The daughters of a man who masterminded a wave of violence against his former business associates in the Edmonton area tearfully begged a judge Thursday to let their father come home.
Jonathan David Meer was behind acts of violence and intimidation — including arson, telephone threats, Molotov cocktails and paintball-gun shootings — against four former business associates in 2007. He used his son and his son's friends as "foot soldiers" to carry out the violence.
Meer, 48, was convicted Dec. 3 on nine charges — two counts each of arson and extortion, four conspiracy offences and one count of obstruction of justice.
The married father of three, known as Dave, was a millionaire until money troubles and a string of lawsuits made him desperate, court has heard.
Meer's daughters took the witness stand at his sentencing hearing in an Edmonton court Thursday afternoon.
'Instilled good morals'
"I want to spend time with my dad again," said Krystal Meer, who is in her late teens. "It hurts. He's a loving father and a caring person. I still love him. The time that has been stolen from us can never be replaced."
Her sister, Ashley, 25, told the court, through tears, that her dad always thought highly of his kids and instilled in them good morals and values.
"My dad needs to come home," she said. "Please let him come home."
Meer held his face in his hands while he listened to his daughters, clearly emotional.
When it was his turn, Meer said tearfully, "I plead your honour to let me go home to my family."
Defence lawyer Ajay Juneja suggested Meer be let off with time served. If double credit were given for time spent in remand, Meer will have already served 5½ years in jail, he said.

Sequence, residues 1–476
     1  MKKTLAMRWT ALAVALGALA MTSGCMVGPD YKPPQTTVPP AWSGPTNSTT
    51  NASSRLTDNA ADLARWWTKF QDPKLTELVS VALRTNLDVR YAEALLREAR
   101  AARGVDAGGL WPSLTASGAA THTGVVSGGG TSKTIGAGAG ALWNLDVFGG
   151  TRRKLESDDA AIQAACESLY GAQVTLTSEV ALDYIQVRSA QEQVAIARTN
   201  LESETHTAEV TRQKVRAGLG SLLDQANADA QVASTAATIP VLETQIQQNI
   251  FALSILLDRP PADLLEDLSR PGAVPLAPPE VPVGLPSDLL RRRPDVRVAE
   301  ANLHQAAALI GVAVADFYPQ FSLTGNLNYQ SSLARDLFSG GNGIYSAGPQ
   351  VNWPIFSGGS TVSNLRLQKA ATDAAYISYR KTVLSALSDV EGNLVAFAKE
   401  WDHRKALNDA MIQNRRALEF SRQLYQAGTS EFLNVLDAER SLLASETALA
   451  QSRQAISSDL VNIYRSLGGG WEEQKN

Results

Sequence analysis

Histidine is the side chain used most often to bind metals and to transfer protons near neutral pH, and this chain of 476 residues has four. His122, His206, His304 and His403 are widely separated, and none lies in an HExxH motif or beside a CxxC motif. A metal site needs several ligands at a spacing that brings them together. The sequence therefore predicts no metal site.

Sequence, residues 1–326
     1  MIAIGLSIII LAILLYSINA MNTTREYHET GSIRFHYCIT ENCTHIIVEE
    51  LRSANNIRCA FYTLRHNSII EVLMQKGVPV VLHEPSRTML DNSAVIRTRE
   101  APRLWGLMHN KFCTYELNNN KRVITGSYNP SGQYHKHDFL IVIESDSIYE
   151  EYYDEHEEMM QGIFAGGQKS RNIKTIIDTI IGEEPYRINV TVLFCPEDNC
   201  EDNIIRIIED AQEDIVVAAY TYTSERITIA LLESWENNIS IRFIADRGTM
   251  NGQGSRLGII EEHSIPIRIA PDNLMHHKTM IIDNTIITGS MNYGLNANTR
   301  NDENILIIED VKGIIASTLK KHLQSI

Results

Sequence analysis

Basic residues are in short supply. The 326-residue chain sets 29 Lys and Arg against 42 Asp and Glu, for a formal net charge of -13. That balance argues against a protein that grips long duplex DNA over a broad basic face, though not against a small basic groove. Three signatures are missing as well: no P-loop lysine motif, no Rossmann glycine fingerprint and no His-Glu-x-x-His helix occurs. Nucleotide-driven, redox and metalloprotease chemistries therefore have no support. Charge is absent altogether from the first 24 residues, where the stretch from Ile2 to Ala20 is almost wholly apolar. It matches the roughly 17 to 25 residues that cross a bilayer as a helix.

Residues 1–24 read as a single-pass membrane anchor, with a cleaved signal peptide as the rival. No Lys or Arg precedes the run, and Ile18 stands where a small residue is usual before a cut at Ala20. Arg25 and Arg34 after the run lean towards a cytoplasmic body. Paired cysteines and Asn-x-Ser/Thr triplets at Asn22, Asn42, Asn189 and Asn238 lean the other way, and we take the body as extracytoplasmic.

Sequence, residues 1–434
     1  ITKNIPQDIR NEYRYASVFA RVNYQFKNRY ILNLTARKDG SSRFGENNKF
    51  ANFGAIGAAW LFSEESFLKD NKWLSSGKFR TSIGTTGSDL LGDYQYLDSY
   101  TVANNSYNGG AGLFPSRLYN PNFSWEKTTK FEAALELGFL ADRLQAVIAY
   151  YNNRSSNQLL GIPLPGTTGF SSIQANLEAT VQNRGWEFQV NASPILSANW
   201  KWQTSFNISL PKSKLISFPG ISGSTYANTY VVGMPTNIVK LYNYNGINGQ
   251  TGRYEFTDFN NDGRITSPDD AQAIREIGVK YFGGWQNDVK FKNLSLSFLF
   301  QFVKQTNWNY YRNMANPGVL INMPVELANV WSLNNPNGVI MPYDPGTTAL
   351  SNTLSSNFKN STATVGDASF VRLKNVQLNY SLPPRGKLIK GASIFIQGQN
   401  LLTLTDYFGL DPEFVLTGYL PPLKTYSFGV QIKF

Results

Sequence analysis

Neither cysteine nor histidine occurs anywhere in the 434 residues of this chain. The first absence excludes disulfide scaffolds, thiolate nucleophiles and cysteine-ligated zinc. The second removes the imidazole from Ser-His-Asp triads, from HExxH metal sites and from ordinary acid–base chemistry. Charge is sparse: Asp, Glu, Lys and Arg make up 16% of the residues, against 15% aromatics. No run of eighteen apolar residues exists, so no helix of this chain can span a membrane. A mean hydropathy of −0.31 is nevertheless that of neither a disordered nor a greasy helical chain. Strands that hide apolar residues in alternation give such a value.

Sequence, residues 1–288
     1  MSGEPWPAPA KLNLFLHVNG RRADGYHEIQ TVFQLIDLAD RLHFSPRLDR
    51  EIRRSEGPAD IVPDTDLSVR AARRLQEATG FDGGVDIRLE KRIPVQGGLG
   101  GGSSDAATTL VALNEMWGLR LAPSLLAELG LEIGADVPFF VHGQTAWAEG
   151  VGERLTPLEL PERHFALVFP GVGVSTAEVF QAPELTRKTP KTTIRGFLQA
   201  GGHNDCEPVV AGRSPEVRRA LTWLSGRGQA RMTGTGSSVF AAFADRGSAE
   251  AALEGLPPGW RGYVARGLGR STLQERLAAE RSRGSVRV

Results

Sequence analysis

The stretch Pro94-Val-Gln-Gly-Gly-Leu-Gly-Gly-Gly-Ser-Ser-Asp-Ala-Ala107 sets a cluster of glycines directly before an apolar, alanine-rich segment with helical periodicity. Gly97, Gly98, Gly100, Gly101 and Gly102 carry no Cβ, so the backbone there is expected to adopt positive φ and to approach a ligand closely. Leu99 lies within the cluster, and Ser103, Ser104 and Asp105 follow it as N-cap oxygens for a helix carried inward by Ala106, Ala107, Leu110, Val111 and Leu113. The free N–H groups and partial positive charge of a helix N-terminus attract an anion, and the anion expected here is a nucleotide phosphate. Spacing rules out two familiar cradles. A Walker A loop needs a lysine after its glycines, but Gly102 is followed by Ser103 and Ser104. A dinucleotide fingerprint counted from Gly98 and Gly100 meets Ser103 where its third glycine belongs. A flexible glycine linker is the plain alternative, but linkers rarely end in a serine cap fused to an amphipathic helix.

The proposal was met by gasps and nervous chuckles in the courtroom.
There's no indication Meer presents an ongoing threat to society or his victims, Juneja said.
Crown asks for 15 years
Earlier in the day, the Crown said Meer has shown no remorse and should serve 15 years in prison for the series of violent crimes.
Meer's motive was "greed and a bewildering sense of entitlement and hubris," said prosecutor Brian Holtby.
In their victim impact statements Thursday morning, his victims talked about living in fear.
"I have trouble sleeping," said Eileen Simpson, wife of Meer's former business colleague Ron Simpson. "My body is covered in hives. I have never cried … my tears have been dried up and taken away. [I keep] waiting for the Meers to strike again."
Meer torched the Simpsons' homes in Edmonton and Pigeon Lake in 2007. Simpson had lent Meer more than $1 million and filed a lawsuit to get the money back.
Eileen Simpson called Meer a bully and a coward.
"We have paid dearly to stand up to you," she said, glaring at Meer. "It needs to stop."
"We were business friends once," Ron Simpson said. "All of this wasn't necessary. I guess because we were the only ones to stand up to you, we paid the heaviest price."
Simpson said Meer has lost his business empire and that his 26-year-old son, Chris Meer, is a fugitive.
"Even today, you and your family blame others for your problems," Ron Simpson said to Meer. "There have been no apologies. Hopefully, you will survive your years in prison. Good luck."
Meer will be sentenced Jan. 26.